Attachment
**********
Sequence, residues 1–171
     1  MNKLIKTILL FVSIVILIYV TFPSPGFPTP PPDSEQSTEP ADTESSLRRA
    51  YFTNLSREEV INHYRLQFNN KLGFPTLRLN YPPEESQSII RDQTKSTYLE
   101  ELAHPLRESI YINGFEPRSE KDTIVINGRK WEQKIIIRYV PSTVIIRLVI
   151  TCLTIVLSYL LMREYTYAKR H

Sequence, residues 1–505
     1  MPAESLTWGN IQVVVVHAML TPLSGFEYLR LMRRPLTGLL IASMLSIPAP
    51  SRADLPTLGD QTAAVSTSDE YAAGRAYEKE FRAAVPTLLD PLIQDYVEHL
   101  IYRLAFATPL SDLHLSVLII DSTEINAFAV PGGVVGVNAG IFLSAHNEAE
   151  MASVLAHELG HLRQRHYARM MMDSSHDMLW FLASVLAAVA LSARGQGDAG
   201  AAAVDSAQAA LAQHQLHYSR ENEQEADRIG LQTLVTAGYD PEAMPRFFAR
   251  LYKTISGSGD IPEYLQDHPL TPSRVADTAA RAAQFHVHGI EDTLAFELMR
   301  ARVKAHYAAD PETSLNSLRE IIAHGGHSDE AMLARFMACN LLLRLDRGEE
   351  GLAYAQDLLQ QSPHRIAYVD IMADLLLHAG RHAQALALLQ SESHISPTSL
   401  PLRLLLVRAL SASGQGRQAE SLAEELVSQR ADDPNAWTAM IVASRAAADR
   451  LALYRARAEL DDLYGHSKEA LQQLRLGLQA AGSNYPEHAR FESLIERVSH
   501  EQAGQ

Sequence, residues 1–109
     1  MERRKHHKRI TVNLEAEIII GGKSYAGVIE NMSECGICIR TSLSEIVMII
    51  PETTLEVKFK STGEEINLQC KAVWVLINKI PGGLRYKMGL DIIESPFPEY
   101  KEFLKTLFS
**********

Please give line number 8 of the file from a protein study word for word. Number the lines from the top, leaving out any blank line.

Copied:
    51  SRADLPTLGD QTAAVSTSDE YAAGRAYEKE FRAAVPTLLD PLIQDYVEHL